daily_length = rev_gb_date.agg({'rev_len':np.median})

# Reindex
daily_length_reindexed = daily_length.reindex(_ix).fillna(method='ffill')

rev_len
2001-10-10 13482.0
2001-10-11 13482.0
2001-10-12 13482.0
2001-10-13 13482.0
2001-10-14 13482.0

Plot the reindexed series, making the y-axis be on a log scale to pick up detail in the early days when the article was orders of magnitude smaller.

ax = daily_length_reindexed['rev_len'].plot(lw=2,logy=True)

# Label the axes
ax.set_xlabel('Date')
ax.set_ylabel('Article size  (bytes)')

<matplotlib.text.Text at 0x7fbd0db89c88>

### Compute diffs on time and article size¶

The "rev_len" only records the length of the revision at that point in time. By taking the difference with the previous observation, we can compute how much net content the user added or removed from the previous revision. Using the diff method on the "rev_len" series, we store the resulting differences as "rev_len_diff".

Compare the first five elements of the two series to verify it's worked as intended.

# Compute the diff and store as a new series
rev_df['rev_len_diff'] = rev_df['rev_len'].diff()

# Verify the differences are accurate

rev_len rev_len_diff
0 13482.0 NaN
1 13462.0 -20.0
2 13506.0 44.0
3 13483.0 -23.0
4 13484.0 1.0

Do some more cleanup of the diffs. In particular, when a revision is deleted (which is rare) the "rev_len" value is null, which makes the diff null as well. Make the first revision's "rev_len_diff" equal to the size of the article and then ffill the other nan values.

# Set the revision lengths for the null rows to be the previous value
rev_df['rev_len'] = rev_df['rev_len'].fillna(method='ffill')

# Compute the diffs again
rev_df['rev_len_diff'] = rev_df['rev_len'].diff()

# Set the value for the first rev_len_diff to be the size of the rev_len
rev_df.loc[0,'rev_len_diff'] = rev_df.loc[0,'rev_len']

# Verify the differences are accurate

rev_len rev_len_diff
0 13482.0 13482.0
1 13462.0 -20.0
2 13506.0 44.0
3 13483.0 -23.0
4 13484.0 1.0

Similarly, the "rev_timestamp" series only records the time when the revision occurred. By taking the difference with the previous revision, we can compute how much time has elapsed since the last edit. Using the diff method again on the "rev_timestamp" series, we store the resulting differences as "ref_timestamp_diff".

The resulting values are Timedeltas which we convert back to number of day floats by dividing by np.timedelta64.

Compare the first five elements of the two series to verify it's worked as intended.

# Compute the diff and store as a new series
rev_df['rev_timestamp_diff'] = rev_df['rev_timestamp'].diff()

# Convert the values of the new series to floats by dividing by 1 day time delta.
rev_df['rev_timestamp_diff'] = rev_df['rev_timestamp_diff'].apply(lambda x:x/np.timedelta64(1,'D'))

# Verify the differences are accurate.

rev_timestamp rev_timestamp_diff
0 2001-10-10 23:25:41 NaN
1 2001-11-19 23:39:39 40.009699
2 2001-11-19 23:48:28 0.006123
3 2001-11-19 23:59:43 0.007812
4 2001-11-20 00:39:00 0.027280

### Combine all the computations with one daily DataFrame¶

Because we added new series to the "rev_df" we need to re-run the groupby to update it. We can also combine all the different aggregate functions we did before into one step by defining an "agg_dict" that applies an aggregation function over the values in a specific column. This will return a DataFrame with only a subset of columns with the aggregated values we specified.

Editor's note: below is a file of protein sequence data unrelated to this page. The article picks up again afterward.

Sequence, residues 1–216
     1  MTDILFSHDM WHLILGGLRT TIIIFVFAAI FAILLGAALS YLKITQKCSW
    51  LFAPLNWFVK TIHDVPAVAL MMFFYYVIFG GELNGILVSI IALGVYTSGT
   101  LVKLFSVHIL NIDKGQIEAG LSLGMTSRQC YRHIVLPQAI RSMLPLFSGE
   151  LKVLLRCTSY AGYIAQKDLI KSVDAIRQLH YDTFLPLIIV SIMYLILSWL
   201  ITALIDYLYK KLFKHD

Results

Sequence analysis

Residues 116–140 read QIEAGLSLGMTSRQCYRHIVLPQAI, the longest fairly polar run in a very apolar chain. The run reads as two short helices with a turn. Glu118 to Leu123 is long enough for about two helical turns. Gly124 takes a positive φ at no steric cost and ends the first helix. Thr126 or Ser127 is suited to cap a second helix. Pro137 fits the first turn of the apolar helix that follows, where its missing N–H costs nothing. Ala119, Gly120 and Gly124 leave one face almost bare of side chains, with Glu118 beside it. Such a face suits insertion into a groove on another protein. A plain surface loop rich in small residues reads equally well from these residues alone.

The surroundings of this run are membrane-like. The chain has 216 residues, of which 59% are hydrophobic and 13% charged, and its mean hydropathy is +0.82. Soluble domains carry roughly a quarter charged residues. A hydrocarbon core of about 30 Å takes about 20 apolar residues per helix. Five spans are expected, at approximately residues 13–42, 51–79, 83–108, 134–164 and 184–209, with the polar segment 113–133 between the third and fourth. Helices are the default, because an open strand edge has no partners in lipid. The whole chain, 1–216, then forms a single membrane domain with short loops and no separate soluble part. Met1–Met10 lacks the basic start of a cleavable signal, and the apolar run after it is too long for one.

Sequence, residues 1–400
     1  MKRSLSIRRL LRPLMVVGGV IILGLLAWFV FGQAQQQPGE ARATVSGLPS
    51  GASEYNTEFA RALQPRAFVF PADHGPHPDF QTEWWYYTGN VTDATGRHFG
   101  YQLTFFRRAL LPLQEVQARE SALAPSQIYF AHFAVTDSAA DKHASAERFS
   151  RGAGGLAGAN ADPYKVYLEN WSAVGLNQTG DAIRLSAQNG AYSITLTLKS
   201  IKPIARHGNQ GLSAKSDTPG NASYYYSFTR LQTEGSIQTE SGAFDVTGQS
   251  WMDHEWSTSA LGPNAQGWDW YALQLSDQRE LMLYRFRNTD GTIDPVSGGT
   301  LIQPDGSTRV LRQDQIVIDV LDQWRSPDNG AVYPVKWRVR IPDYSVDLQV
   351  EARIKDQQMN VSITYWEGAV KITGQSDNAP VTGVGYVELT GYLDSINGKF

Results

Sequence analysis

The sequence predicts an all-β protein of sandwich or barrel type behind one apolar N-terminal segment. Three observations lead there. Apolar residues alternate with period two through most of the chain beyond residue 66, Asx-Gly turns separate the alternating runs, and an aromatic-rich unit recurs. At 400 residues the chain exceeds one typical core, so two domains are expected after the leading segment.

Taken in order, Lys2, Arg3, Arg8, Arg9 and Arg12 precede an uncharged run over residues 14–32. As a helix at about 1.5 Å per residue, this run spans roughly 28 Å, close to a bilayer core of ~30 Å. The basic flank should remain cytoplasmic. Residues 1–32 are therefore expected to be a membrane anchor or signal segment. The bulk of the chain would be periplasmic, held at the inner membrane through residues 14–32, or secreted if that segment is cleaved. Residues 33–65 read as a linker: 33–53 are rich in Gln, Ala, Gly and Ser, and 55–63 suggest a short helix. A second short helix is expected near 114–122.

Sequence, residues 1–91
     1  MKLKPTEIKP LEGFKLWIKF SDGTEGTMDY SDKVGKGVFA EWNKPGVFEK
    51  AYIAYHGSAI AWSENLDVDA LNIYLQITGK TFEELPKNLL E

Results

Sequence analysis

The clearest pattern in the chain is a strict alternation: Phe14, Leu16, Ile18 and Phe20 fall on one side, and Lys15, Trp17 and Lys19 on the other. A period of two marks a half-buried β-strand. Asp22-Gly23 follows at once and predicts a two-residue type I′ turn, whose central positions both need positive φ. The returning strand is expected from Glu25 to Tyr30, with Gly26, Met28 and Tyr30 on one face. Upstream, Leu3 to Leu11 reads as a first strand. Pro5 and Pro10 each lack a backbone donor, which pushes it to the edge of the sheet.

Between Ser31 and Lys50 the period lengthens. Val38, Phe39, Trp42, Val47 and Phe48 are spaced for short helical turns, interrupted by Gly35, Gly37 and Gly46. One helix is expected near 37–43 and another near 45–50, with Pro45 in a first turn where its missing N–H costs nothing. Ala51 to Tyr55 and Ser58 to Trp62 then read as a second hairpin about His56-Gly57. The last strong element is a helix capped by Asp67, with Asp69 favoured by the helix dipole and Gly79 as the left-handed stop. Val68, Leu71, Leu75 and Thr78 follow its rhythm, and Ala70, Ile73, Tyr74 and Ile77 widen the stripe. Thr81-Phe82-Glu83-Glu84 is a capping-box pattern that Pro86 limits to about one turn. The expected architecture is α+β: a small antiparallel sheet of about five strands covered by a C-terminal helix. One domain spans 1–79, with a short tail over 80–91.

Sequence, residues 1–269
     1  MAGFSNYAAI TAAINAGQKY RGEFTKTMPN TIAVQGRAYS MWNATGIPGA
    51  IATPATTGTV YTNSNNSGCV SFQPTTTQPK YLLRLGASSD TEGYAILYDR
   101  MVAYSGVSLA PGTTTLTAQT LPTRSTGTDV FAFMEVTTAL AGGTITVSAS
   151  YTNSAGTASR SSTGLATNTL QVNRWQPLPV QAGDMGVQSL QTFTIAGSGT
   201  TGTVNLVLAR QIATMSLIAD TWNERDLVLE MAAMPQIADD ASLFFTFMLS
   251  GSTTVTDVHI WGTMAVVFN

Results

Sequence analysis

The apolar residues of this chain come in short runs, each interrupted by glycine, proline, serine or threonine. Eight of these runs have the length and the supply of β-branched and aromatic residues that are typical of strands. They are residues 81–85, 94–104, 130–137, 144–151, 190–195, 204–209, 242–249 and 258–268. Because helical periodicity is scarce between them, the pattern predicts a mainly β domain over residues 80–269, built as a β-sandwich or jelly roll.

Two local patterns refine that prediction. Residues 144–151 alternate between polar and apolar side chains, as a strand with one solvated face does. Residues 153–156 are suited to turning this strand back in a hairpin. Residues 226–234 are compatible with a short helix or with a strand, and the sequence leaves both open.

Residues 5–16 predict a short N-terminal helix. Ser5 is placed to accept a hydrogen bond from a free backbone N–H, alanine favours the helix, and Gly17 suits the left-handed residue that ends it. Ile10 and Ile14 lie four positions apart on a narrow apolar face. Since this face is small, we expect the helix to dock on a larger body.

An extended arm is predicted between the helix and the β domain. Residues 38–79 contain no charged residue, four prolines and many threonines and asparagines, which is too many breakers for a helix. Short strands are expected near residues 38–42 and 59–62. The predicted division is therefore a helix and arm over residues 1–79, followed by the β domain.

# Groupby again
rev_gb_date = rev_df.groupby(['rev_date'])

# Define an aggregation mapping of functions to columns names
agg_dict_date = {'rev_id':pd.Series.nunique,
'rev_len':np.median,
'rev_len_diff':np.median,
'rev_timestamp_diff':np.mean
}

# Execiute the aggregation functions on the groupby object
rev_agg_date = rev_gb_date.agg(agg_dict_date)

# Reindex to continuous dates
rev_agg_date = rev_agg_date.reindex(_ix)

# Fill in the resulting values of the reindexed and aggregated "rev_len" from the last value
rev_agg_date[['rev_len']] = rev_agg_date[['rev_len']].fillna(method='ffill')

# Fill in the resulting values of the reindexed and aggregated other series as 0s.
rev_agg_date[['rev_id','rev_len_diff']] = rev_agg_date[['rev_id','rev_len_diff']].fillna(0)
#rev_agg_date[['rev_id','rev_len_diff','rev_timestamp_diff']] = rev_agg_date[['rev_id','rev_len_diff','rev_timestamp_diff']].fillna(0)

# Show the first 10 values to verify it's worked as intended
rev_agg_date.tail(10)

rev_len_diff rev_id rev_timestamp_diff rev_len
2016-09-19 0.0 0.0 NaN 220683.0
2016-09-20 0.0 0.0 NaN 220683.0
2016-09-21 0.0 0.0 NaN 220683.0
2016-09-22 0.0 0.0 NaN 220683.0
2016-09-23 0.0 0.0 NaN 220683.0
2016-09-24 0.0 0.0 NaN 220683.0
2016-09-25 0.0 0.0 NaN 220683.0
2016-09-26 0.0 0.0 NaN 220683.0
2016-09-27 0.0 0.0 NaN 220683.0
2016-09-28 -1805.0 1.0 16.694618 218878.0

Plot the changes in the average time since the last revision by day.

_s = rev_agg_date['rev_timestamp_diff']
ax = _s.plot(logy=True)
ax.set_xlabel('Date')
ax.set_ylabel('Average time since last edit (Days)')

<matplotlib.text.Text at 0x7fbd0da93940>

That's pretty noisy. We can apply the rolling method over a 60-day window and get the mean to smooth out some of the noise.

_s = rev_agg_date['rev_timestamp_diff'].fillna(0).rolling(60).mean()
ax = _s.plot()
ax.set_xlabel('Date')
ax.set_ylabel('Average time since last edit (Days)')

<matplotlib.text.Text at 0x7fbd0e1f5518>

Similarly, what was the median size of a change to the article over time?

_s = rev_agg_date['rev_len_diff']
ax = _s.plot(lw=.5)
ax.set_xlabel('Date')
ax.set_ylabel('Median size of revision')
ax.set_yscale('symlog')


Again, pretty noisy. We can cleanup with a rolling mean over a 60-day window.